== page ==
Give Me Your Best Road Trip Hacks

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Tomorrow, I get set to start a weeklong 2250 mile road trip in the hope that the Canadian border will take pity on me and let me visit my husband. I am not exactly looking forward to the slog, but inspiration struck: who else would have a plethora of tips to make the journey easier than the fine denizens of Jalopnik dot com?

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I end up making the Canada-Texas trip a few times a year, much to my distaste. Such is the life of an international love affair when the rest of your life sits at the opposite end of a different country. I feel like I’ve got a pretty good system down by now, but I’m always looking for ways to make life suck a little bit less.

The last time I made the drive, I figured out something genius. I usually pack road snacks, but if I buy a large pizza the night before I leave, I can bring that to serve as my lunch for the next few days. It keeps well, I don’t need utensils to eat it, and it’s more satisfying than a granola bar. And, in a country still ridden with COVID-19, I’m looking to minimize my human-to-human contact to one combo bathroom-gas stop and one dinner stop a day.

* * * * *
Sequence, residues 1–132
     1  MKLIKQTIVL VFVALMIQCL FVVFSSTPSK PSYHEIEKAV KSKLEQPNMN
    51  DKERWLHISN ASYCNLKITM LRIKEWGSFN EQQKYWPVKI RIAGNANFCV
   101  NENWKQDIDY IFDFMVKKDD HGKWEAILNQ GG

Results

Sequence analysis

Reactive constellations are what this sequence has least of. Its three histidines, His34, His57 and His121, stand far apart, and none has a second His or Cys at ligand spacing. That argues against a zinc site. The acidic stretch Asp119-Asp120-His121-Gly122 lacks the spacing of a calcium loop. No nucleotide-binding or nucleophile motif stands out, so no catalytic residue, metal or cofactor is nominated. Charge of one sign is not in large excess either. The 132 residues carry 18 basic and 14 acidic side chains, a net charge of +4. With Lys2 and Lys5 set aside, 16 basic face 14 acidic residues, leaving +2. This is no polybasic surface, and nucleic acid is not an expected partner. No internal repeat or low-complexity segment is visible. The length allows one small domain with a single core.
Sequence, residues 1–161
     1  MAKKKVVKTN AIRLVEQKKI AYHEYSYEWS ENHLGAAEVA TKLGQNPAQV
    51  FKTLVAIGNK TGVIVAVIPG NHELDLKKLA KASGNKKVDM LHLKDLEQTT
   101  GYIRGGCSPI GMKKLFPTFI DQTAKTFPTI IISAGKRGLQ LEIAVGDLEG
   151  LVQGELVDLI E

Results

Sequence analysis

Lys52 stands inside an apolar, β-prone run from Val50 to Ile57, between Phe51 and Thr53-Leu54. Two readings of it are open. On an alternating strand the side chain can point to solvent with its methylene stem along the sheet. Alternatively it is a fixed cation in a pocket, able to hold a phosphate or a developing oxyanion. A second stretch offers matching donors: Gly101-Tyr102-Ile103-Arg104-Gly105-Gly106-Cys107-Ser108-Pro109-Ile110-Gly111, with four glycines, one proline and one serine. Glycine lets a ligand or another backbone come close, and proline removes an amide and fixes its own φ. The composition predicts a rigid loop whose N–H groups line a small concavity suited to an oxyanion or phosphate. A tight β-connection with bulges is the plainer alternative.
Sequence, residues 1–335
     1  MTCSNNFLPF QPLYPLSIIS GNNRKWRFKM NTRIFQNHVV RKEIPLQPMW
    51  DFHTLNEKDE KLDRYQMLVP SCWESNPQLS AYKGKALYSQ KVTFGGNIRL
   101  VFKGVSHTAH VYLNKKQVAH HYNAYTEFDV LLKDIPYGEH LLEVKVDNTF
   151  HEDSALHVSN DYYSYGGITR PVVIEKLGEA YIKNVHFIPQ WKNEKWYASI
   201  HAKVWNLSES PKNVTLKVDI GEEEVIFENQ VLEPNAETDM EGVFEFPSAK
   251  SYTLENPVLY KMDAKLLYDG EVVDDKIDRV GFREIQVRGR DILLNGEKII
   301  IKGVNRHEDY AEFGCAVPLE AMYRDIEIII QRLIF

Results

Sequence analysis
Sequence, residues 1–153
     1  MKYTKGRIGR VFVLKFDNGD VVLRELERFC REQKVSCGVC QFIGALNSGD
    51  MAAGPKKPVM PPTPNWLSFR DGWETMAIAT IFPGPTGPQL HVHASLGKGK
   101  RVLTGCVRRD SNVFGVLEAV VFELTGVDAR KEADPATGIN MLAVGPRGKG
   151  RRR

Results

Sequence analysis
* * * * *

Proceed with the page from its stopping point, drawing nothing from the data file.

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But I bet you’ve all got something a little more exciting than pizza. Give me your best tips so I can study up before I head out tomorrow.

Weekends at Jalopnik. Managing editor at A Girl's Guide to Cars. Lead IndyCar writer and assistant editor at Frontstretch. Novelist. Motorsport fanatic.

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DISCUSSION

neverspeakawordagain
neverspeakawordagain

Here’s my overriding thought when I’m road-tripping: At 60 mph, every single minute I spend not driving is another mile I won’t go that day. Eat while driving, drink fluids while driving, try to minimize the amount of time you spend at rest stops or anywhere else that’s not-driving, because that maximizes the distance you can go. Sticking to speed limits, if you limit your not-driving time as much as possible 900 or more miles a day is very doable.

One thing to always remember: you can get sunburn through car windows. Or at least I can. And sitting in the sun for hours inside you tend to forget that the sun can still get at you (I one time, on a drive from NYC to Miami, got a sunburn on my left thigh, through the driver’s window and through my jeans). So always wear sunblocking clothing.